Buying Clubs: Competition or Opportunity?

Recently, the issue of buying clubs or preorder cooperatives buying their food wholesale has been raised in trade publications and elsewhere in the natural foods industry. We at Northeast Cooperatives would like to broaden the scope of this argument and look at the true issues at the heart of this discussion.

First, who are these buying clubs? Obviously, they are the natural foods consumer, pure and simple. The manufacturers and distributors that have been in the business since its inception know that the natural foods industry, in large part, owes its very existence to groups of consumers gathering together to puchase food not available through existing (or ‘proper') channels. These consumers formed the basis for the market that would eventually broaden to include retails, manufacturers of prepared natural foods, distributor networks, and all facets of the natural products industry that we know today.

Today, the buying club market continues to broaden the audience for natural foods. The markets that are being expanded include lower income areas, rural areas (many of which are not served by retails), and consumers that are frustrated by lack of control over their food supply. Many buying clubs eventually lead, either directly or indirectly, to the creation of natural foods retails that will serve some segments of their comunities. Many individuals are introduced to the concept of natural foods by friends and neighbors who are involved in buying clubs. Many of these consumers would never have set foot in a natural foods retail prior to personalized experiences with the products.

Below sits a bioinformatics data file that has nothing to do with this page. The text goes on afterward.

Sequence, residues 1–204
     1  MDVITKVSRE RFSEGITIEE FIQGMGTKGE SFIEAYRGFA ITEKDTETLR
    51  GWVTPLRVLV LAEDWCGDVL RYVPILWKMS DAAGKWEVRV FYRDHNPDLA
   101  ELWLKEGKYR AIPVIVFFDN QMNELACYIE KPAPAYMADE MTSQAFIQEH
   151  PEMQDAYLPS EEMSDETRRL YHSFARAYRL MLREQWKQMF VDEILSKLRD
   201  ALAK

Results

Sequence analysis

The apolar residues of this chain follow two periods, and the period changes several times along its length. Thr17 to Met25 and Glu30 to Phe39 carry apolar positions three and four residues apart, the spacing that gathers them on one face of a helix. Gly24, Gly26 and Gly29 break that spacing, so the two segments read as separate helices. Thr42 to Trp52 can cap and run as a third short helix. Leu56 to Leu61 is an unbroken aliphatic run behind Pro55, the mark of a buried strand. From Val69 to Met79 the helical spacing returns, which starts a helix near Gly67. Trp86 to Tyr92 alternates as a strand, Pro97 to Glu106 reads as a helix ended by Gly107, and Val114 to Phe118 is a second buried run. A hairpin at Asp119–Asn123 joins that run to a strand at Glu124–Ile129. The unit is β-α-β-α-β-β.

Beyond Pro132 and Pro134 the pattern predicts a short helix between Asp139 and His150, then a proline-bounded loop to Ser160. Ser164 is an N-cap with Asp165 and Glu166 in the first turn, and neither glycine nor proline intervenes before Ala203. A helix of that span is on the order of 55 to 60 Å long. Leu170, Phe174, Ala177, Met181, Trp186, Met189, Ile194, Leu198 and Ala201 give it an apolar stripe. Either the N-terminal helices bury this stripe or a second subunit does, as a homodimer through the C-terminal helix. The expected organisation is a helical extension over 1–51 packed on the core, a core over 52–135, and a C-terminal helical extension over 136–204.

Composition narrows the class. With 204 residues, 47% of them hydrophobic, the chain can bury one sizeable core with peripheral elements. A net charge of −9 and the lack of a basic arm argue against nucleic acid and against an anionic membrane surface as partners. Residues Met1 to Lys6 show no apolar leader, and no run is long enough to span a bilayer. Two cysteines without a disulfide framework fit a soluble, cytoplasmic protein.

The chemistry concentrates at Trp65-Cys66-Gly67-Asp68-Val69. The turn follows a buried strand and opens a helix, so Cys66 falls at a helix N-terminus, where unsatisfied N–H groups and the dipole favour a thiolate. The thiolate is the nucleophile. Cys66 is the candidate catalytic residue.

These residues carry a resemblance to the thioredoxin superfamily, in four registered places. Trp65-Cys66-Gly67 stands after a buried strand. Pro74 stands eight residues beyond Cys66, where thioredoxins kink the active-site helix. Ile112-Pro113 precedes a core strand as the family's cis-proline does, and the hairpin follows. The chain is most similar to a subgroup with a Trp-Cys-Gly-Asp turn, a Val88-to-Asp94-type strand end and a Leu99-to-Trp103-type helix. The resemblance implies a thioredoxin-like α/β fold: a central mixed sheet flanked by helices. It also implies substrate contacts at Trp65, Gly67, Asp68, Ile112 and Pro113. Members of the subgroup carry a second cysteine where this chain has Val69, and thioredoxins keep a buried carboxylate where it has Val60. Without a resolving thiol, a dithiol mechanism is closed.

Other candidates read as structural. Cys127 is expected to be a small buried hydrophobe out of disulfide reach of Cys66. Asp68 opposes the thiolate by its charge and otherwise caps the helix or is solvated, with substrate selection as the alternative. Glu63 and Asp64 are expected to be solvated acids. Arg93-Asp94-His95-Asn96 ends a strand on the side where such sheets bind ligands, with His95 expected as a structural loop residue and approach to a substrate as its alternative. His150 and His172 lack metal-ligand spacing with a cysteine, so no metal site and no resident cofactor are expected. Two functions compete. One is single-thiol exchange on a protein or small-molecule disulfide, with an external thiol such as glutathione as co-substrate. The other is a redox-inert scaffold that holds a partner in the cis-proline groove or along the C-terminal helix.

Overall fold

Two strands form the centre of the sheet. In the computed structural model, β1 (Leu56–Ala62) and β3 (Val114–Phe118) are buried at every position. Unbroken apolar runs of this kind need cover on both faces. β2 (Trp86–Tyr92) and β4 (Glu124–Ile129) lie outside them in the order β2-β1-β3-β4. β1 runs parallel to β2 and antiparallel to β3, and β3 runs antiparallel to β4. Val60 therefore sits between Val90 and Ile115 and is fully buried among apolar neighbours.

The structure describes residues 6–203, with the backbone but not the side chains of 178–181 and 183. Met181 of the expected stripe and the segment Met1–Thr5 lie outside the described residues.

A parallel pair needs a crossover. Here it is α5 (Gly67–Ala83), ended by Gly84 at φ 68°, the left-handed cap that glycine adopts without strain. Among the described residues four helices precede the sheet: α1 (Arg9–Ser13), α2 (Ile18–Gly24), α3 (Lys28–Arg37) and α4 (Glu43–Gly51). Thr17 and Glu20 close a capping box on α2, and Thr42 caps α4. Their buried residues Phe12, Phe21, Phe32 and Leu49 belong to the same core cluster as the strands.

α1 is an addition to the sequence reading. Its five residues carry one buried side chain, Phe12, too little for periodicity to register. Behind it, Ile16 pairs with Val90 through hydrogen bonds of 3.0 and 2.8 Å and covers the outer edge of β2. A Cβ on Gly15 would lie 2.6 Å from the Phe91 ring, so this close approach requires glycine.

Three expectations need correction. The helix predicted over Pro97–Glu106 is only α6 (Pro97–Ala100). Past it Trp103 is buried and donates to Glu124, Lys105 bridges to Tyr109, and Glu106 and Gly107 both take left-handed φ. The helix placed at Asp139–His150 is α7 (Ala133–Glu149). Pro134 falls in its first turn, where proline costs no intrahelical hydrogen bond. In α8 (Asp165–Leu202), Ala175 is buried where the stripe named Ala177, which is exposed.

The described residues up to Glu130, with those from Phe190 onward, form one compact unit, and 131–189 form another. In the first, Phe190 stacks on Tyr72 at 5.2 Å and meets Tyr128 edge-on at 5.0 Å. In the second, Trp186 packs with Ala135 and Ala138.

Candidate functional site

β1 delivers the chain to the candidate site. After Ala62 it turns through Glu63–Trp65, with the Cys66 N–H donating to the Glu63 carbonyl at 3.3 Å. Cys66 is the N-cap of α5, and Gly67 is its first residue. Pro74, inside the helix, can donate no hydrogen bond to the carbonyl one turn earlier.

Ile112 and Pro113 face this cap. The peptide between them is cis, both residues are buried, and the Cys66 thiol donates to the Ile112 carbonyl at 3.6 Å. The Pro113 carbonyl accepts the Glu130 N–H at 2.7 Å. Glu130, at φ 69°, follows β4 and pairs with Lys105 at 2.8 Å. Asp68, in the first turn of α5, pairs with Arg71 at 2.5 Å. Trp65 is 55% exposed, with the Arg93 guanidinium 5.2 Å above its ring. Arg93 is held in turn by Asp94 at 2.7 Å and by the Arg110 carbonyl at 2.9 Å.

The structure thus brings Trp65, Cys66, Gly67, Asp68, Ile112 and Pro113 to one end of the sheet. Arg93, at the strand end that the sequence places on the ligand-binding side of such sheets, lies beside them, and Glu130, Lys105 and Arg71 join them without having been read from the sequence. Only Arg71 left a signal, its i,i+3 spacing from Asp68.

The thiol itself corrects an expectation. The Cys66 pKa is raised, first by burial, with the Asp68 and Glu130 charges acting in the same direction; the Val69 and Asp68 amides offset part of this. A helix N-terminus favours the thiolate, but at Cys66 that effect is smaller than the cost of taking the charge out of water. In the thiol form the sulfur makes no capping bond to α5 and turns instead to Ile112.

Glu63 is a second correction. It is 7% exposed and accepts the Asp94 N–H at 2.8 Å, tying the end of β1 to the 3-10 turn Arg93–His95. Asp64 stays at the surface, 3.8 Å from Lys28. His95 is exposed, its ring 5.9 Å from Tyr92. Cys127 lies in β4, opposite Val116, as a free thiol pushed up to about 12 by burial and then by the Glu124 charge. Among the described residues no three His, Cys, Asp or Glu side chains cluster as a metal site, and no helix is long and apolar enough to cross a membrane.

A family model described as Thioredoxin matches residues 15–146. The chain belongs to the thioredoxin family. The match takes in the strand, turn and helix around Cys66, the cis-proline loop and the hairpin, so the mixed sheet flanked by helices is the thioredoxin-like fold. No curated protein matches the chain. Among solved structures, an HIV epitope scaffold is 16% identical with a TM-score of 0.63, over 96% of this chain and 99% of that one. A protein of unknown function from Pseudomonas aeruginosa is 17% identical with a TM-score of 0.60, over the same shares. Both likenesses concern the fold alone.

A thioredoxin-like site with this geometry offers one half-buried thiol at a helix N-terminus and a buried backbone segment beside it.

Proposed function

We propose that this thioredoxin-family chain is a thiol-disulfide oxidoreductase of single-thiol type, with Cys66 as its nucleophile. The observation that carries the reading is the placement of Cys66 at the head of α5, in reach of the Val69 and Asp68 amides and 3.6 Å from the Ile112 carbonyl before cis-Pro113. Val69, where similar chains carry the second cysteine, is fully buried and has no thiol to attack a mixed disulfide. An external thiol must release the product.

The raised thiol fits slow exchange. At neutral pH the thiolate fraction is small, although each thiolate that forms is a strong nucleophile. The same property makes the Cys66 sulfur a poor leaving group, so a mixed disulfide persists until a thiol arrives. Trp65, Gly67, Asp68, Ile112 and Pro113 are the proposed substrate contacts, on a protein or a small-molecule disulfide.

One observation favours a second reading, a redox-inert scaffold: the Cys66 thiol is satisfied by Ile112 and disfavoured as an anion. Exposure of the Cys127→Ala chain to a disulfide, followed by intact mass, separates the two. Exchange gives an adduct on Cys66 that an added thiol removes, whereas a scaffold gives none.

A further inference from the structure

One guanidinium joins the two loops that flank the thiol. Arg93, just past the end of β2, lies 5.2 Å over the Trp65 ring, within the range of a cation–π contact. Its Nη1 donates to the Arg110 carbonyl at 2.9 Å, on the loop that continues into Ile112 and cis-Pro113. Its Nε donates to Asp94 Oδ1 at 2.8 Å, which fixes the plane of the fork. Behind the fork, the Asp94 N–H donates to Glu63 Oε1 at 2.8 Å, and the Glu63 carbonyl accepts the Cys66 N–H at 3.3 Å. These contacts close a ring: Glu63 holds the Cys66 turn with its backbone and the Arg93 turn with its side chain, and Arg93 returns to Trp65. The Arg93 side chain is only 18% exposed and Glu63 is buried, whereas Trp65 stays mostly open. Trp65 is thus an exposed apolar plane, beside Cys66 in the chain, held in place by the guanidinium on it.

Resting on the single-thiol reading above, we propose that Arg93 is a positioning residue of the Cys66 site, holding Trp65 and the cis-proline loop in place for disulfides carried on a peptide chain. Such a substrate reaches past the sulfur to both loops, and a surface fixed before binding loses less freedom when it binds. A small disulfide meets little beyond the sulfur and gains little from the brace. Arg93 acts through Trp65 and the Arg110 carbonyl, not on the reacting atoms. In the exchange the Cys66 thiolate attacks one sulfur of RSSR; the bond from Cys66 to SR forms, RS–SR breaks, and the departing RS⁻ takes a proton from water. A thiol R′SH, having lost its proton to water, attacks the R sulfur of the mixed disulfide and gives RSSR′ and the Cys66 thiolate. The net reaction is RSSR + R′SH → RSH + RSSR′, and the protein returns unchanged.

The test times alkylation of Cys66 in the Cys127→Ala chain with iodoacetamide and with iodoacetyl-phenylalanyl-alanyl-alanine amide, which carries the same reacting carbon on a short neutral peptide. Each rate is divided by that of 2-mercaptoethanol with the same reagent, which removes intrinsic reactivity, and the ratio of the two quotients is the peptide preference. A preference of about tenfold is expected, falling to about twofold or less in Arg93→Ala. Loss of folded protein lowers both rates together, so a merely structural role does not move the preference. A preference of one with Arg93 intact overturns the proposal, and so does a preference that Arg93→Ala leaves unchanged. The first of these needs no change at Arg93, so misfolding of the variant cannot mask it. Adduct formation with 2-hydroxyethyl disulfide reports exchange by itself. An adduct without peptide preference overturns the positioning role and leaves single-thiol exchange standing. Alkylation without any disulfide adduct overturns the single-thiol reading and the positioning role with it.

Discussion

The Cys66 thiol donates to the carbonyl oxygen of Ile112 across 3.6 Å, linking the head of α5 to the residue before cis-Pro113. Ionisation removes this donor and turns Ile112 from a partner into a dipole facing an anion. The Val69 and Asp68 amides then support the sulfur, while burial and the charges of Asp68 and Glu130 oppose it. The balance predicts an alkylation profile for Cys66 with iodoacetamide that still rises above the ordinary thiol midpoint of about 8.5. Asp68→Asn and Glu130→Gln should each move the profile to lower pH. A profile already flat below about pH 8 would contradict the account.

The consumers in these buying clubs are valuable resources, not only to the wholesalers that serve them but also to the manufacturers and even retailers. The direct contact with the consumer sharpens industry awareness of the market and its trends and allows very specific information to be gathered and reviewed. Indeed, buying club consumers are an asset to the retailers that are currently uncomfortable with their existence. They are among the best informed and strongest advocates for the natural foods industry in their communities. These consumers may create in the local retails a demand for products that has not existed before.

The ultimate question, as we see it, is this: is the aim of the natural foods industry to grow and prosper? If so, should we not take advantage of every conceivable means of distribution encouraged by our free market, democratically based economy, in the interest of the broadest possible impact? Is the threat to our retailers not more real from full service supermarkets or even club stores, much like the mass market? Should we propose that the natural foods industry rally against the mass market sector with claims of unfair competiton? We think not.

We are truly chagrined that so much energy is being spent debating an issue that, to us, is anathema to both the roots and the future growth of our industry. We hope that you will think carefully about your position in this debate and return to the business of becoming the best in your particular part of our fine industry.

- Northeast Cooperatives Management

See other articles from this issue: #042 September - October - 1992